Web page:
Sustainable Luxury

Studio Variously’s handmade, eco-friendly textiles are giving a modern look to ancient artisanal craft
HANDMADE // The Sea Shell Throw, like many of Studio Variously’s textiles, was handwoven in India by master weavers. // Photography by Laur Nash | Styling by Anjali Purohit

Growing up in Ahmedabad, Gujarat, India, where design, art, textiles, and architecture are among the city’s many treasures, Anjali Purohit, the founder and creative director of Bloomfield Hills-based Studio Variously, a sustainable design studio whose in-house brand Variously focuses on ethically-sourced materials and artisan craftsmanship to create modern textiles, couldn’t help but soak up the inspiring visuals.

“I come from a place with a very strong legacy for design,” says Purohit, who earned her bachelor’s degree in accessory design at the National Institute of Fashion Technology in New Delhi, and her master’s at Nuova Accademia di Belle Arti in Milan, Italy.

Working through college in various design fields gave Purohit invaluable real-life experience and exposure to working with different materials, industries, and markets, learning what it “took to design collections” as well as gaining a better understanding of “the whole supply chain.”

“Most of your first experiences are to understand how things are getting made, how things are getting done, and that it could be (mass-produced) or it could be done by hand,” says Purohit, who has had opportunities in the past to work with both larger, more mass-produced businesses and on smaller more artisan-based projects. “You get these various kinds of experiences when you’re really young … and it changes the way you think and also helps you appreciate your own work.”

For Purohit, the biggest pitfall of working in larger-scale industries was that “you’re just simply churning out pieces after pieces without thinking, is this really necessary? Also, everything was heavily made on machines.”

Wanting to open her own company and feeling a pull toward more handmade designs, Purohit knew she wanted her business to take an artisan-based direction. “It was just a space I felt I could give more justice to my creative energies, as well as a better use of my time and my experience as a designer. I would rather enable more artisans than more factories, so it was a very conscious choice. I’ve had the fortune of working with many factories and big suppliers, so it could have been a really lucrative opportunity to just continue doing that. But I felt there would be nothing new that I would be doing, and if I’m taking the risk of starting a business, I might as well make it worth it.”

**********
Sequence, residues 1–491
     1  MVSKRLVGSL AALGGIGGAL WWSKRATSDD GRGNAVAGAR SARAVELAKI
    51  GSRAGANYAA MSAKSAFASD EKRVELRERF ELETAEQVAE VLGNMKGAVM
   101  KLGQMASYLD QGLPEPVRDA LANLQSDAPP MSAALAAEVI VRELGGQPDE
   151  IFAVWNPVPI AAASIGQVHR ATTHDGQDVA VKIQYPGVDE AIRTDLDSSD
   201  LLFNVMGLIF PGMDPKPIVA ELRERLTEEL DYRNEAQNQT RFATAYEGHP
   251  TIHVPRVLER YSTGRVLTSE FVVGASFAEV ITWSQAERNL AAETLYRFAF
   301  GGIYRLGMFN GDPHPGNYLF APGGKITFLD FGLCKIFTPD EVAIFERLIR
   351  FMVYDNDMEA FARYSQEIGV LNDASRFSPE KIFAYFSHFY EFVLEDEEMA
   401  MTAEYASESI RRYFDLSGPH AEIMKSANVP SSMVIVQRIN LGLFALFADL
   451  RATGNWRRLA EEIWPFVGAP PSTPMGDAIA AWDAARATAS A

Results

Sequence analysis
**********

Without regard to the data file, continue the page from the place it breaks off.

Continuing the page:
In 2016, Purohit launched her company, Studio Variously, with the mission of creating responsible products that are sustainable; crafted of ethically sourced, natural materials; and that utilize heritage weaving and dyeing techniques. She also wanted to ensure the safety of the artisans and the communities they reside in by only employing the use of non toxic dyes. “When you’re using materials that are natural and sustainable, it’s a safer environment for the artisans, because if they’re using highly toxic dyes, it can cause water pollution in the areas around them. So, for the people who are putting in their time and effort to create these pieces, their ecosystem shouldn’t be hampered,” Purohit says.

Clamp-dyed Tisa black cotton napkins, one of many thoughtfully crafted items from Studio Variously.

At the basis of her award-winning business is her commitment to the direct partnerships she has fostered with mostly women artisans in India, Nepal, and Peru who create the modern and minimalist lifestyle goods she designs and offers to both retail and wholesale markets under her trademarked Variously brand. From gorgeous rugs (this year she’ll be releasing hand-knotted, hand-tufted, and handwoven varieties) to graphic pillows, handwoven cotton throws, shibori hand-dyed napkins, and scarves (in sumptuous fabrics like linen, cotton, alpaca and silk with details like block prints and hand embroidery), her luxurious creations are giving new life to ancient craftsmanship.

A hand-knotted rug and silk chiffon scarf from Studio Variously.

She also collaborates with interior designers and architectural studios on projects in both commercial (such as hotels) and residential spaces. The beauty of working with skillful artisans, Purohit says, is that they can customize colors, sizes, and specific looks to “provide extremely unique, high-quality products.”

This May, Purohit’s remarkable designs will be showcased at ICFF + WantedDesign Manhattan, an annual trade event in New York City that promotes the creative community both nationally and internationally with conversations, exhibitions, and workshops.

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Text by Patty Lanoue Stearns | Photography by Laur Nash | Styling by Anjali Purohit